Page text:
Remember this headline two weeks ago:
Jobless claims tumbled to 391,000 from 428,000, an unusually big drop that comes completely out of nowhere. …
We’ll see how well it holds up — the Labor Department says the big drop was affected by technical issues — but it could be kind of a big deal to see claims get and stay below 400,000
Then last week, the media were just silent about the fact that jobless claims were back up above 400,000 (401,000):
Jobless claims popped back above 400,000, to 401,000 after last week’s surprising drop in the numbers. Still, it was better than the 410,000 that Wall Street economists were expecting. Stock futures are up just a bit
We can maybe be relieved that weekly jobless claims are “only” at 404,000, and not at the 650,000 peak they hit during the crisis or the 450,000 level they spiked to this spring.
But we cannot call this a good number.
History offers one reason we can’t call this a good number, as Dan Greenhaus at BTIG notes:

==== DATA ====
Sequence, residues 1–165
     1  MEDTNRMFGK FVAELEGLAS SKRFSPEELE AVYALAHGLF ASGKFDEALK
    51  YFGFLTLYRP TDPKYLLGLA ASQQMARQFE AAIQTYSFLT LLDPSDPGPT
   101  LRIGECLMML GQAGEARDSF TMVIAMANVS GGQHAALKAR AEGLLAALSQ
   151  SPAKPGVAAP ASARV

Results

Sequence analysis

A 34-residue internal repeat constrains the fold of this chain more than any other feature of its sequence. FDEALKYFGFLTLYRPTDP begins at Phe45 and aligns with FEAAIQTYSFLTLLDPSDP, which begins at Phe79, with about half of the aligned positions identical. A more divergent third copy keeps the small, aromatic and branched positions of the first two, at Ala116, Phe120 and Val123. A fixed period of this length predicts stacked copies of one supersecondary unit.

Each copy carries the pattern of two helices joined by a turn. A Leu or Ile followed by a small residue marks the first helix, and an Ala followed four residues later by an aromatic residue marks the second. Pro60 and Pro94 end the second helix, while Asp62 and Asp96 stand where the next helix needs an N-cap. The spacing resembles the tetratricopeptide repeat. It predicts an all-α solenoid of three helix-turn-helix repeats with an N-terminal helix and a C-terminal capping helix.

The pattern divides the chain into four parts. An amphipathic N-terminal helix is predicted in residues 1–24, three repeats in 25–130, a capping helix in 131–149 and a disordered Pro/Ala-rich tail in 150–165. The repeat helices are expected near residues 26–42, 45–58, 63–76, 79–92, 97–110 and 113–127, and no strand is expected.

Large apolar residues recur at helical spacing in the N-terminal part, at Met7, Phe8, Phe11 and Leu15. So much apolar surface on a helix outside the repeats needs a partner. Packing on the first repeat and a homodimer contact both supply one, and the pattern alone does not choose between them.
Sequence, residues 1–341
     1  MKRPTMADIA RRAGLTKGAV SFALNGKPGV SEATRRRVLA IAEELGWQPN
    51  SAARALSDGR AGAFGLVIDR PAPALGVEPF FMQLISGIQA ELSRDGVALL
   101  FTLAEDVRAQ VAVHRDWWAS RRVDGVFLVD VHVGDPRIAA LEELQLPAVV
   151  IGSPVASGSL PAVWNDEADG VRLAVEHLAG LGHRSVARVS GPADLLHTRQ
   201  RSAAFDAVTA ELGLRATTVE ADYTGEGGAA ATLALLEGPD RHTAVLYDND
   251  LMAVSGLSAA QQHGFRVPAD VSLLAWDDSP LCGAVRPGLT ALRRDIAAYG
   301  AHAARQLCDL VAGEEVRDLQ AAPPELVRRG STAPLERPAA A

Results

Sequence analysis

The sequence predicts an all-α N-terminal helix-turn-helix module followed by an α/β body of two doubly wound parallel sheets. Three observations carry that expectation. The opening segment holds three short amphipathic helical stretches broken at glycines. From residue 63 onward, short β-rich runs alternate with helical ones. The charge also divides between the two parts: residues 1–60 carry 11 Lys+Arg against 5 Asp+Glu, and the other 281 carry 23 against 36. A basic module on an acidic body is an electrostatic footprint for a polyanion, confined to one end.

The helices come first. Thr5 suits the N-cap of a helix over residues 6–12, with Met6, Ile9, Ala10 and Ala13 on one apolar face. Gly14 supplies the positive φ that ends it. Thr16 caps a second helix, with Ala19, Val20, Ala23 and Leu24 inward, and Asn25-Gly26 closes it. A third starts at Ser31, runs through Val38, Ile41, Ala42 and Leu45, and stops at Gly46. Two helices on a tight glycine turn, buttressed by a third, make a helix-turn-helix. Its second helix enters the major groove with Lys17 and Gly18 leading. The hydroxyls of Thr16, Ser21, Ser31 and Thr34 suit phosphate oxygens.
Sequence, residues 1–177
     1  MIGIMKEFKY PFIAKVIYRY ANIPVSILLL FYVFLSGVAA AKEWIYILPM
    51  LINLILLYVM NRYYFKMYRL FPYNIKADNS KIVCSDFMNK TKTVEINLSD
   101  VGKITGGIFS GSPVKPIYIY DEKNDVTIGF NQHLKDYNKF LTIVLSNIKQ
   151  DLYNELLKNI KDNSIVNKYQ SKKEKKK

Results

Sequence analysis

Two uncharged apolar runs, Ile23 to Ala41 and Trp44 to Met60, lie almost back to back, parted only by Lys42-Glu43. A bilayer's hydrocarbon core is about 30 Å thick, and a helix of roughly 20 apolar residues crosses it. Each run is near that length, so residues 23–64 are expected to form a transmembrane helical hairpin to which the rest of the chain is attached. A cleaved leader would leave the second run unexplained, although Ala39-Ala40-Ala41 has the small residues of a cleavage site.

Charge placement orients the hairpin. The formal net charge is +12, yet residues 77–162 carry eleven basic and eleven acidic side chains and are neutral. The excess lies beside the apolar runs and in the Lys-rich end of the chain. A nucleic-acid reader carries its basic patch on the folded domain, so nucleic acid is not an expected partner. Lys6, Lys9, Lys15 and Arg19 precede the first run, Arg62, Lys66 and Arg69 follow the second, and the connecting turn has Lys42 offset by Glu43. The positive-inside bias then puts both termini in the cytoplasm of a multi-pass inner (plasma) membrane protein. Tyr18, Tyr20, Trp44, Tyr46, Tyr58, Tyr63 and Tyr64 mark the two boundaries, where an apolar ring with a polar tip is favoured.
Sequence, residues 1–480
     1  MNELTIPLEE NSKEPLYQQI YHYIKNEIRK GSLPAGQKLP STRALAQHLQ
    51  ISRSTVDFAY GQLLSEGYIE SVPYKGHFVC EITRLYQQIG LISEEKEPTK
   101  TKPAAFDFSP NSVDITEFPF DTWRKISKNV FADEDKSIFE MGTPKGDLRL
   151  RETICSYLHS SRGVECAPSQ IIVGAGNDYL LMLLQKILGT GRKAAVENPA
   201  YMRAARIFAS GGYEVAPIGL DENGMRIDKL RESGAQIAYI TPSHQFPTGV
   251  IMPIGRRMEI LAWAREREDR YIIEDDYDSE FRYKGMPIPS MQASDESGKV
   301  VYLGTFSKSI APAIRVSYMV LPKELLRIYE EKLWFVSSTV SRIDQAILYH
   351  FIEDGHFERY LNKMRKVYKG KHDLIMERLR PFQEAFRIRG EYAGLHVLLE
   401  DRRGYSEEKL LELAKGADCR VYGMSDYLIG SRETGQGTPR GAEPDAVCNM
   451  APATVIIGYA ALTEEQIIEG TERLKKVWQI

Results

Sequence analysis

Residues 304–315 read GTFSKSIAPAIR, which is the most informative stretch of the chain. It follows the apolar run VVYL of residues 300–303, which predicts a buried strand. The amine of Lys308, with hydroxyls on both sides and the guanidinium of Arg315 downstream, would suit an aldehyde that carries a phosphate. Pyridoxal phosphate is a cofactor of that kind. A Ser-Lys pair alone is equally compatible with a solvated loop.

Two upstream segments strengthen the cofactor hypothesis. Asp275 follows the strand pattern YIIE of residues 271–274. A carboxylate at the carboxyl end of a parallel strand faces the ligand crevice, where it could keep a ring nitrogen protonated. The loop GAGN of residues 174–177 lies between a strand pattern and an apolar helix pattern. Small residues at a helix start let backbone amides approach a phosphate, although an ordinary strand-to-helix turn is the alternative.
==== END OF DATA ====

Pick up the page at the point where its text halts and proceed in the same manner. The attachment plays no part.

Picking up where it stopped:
In November 2003, two years after the recession ended in 2001, initial jobless claims hit 354K. Two years after the recession ended in March 1991, initial jobless claims hit a 338K level. There is considerable work to do on the labor front and with the expiration of extended unemployment compensation set to occur at the end of this year, it seems likely that the debate over “jobs” isn’t going away any time soon.
I wonder why this fact wasn’t mentioned before. These guys are desperate to seize on any “good news” and proclaim this is the trend. Not so. Yes, we have a lot of work to do on the labor front, and that is mainly to allow the deleveraging process to continue unimpeded and encourage the formation of real capital.